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[casi] Iraq opinion poll

>From Agence France Press, October 23:

BAGHDAD (AFP) - More and more Iraqis view the US forces
as "occupiers" not liberators and say they want an Islamic-
style democracy, citing Iran as a model, said a new poll.

The results found 67 percent of Iraqis view the US-led
coalition as an occupying force, while only 46 percent of
the population considered them as such when US troops rolled
into Baghdad April 9, said the Iraqi Centre for Research and
Strategic Studies.

Over the same timeframe, those who viewed the US forces as
liberators slumped from 43 percent to 15 percent, the study

Asked about a future Iraqi government, 33 percent said they
favoured an Islamic model as opposed to 30 percent who said
yes to a Western-style democracy.

Asked what country offered the best model for Iraq (news -
web sites), 14 percent said Iran, followed by 13.5 percent
who opted for the United Arab Emirates and 9.6 percent for
the United States, it said.

Nonetheless, people still want US forces in Iraq, with 30
percent saying they strongly supported the US presence in
their country, compared to only 10 wanting the US troops to
leave now.

However, 23 percent said they "somewhat opposed" the US

"The figures represent Iraqis' conviction that the presence
is necessary to prevent an eruption of internal
dissensions," said Nabil al-Zuheir, the centre's director of
political research.

Concerning security conditions, 46 percent of Iraqis said
the situation had deteriorated, while only 23 percent said
it had improved.

Iraqis expressed little confidence in the coalition's
ability to make Iraq a safer place.

Only 23 percent of those polled said they believed the
coalition could make their cities more secure.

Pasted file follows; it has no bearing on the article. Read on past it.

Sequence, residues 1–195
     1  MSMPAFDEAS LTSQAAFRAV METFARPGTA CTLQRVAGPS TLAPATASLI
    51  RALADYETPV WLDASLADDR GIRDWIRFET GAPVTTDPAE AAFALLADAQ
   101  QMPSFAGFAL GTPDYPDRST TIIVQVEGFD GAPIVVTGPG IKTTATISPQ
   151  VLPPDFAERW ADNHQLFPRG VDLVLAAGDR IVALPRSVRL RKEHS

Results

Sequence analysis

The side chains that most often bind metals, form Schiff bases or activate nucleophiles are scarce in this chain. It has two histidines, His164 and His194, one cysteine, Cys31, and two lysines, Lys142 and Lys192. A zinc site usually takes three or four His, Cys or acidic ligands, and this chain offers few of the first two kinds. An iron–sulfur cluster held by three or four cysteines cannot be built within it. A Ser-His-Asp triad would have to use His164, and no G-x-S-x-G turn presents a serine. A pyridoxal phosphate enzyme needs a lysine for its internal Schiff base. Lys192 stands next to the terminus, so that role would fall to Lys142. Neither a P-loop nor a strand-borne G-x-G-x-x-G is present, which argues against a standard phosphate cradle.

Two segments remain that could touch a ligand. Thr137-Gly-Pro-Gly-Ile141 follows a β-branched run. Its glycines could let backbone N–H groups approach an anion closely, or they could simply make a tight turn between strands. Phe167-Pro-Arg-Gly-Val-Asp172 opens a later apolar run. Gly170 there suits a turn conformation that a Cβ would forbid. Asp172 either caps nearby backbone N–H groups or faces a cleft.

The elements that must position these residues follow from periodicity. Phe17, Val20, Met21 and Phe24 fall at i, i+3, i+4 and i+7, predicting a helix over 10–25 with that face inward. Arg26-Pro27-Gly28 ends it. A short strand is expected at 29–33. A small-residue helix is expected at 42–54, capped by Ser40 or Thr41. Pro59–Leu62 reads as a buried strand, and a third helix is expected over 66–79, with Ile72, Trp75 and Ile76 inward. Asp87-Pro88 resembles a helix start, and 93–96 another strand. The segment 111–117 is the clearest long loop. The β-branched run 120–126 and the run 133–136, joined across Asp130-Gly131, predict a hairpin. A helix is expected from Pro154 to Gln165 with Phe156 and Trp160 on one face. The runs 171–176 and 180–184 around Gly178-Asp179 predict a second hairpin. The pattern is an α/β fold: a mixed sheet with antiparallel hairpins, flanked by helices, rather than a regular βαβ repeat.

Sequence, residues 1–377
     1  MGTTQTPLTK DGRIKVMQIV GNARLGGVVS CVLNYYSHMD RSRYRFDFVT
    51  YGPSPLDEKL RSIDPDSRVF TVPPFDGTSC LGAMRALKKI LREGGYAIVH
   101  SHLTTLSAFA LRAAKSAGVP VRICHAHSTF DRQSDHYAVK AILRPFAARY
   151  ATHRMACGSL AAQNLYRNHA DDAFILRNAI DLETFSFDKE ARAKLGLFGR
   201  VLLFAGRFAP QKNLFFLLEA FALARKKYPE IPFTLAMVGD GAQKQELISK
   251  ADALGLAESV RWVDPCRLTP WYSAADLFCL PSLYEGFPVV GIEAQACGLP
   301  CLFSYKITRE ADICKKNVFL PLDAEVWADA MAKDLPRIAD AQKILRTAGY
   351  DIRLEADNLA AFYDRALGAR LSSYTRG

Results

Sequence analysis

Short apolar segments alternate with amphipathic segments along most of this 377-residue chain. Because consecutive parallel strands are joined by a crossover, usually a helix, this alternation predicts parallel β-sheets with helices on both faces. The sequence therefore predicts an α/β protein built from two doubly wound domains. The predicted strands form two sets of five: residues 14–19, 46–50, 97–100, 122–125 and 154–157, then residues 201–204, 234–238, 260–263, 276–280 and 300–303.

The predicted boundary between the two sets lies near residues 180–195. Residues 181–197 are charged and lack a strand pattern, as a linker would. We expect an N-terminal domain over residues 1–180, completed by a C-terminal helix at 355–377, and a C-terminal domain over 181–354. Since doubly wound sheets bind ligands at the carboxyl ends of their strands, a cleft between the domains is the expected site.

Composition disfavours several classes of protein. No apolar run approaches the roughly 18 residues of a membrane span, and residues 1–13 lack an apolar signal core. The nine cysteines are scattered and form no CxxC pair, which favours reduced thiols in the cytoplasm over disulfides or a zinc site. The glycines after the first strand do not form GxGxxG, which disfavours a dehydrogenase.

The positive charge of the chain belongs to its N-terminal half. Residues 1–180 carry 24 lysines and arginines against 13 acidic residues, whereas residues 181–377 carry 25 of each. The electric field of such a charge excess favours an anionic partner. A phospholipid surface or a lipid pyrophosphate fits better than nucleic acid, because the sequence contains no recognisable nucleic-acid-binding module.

Iraqis also said they had little faith in their political
leaders, with 61 percent saying none of them were

The Iraqi leaders, with the highest ratings, were clerics
and members of Iraq's Shiite majority community.

Shiite leader Abdel Aziz al-Hakim, leader of the Supreme
Council for the Islamic Revolution in Iraq, received a
positive rating of 58 percent. Fellow Shiite leaders
Mohammed Bahr al-Ulum and Ibrahim al-Jaffari followed with
positive ratings of 57 and 54 percent respectively.

Sunni Muslim leader Adnan al-Pachachi came in next with a
positive rating of 41 percent, trailed by Kurdish leaders
Jalal al-Talabani and Massud Barzani at 39 and 36 percent

Pentagon favourite Ahmad al-Chalabi weighed in at 26
percent, giving ammunition to his critics who claim he
represents no real constituency at home and appeals more to
the exile community.

Despite his fugitive status, fallen dictator Saddam Hussein
managed a rating of three percent.

Shiite fundamentalist Moqtada Sadr, who has stridently
demanded that US forces exit Iraq, received a weak rating of
one percent.

The rating reinforced the image of Sadr as an incendiary
figure who has made little inroads beyond a hardcore group
of young followers.

The poll had a margin of error of three to four percent and
was carried out between September 28 and October 10 with
1,620 interviews in Baghdad, Basra, Najaf, Ramadi, Fallujah,
Arbil and Sulaimaniyah.

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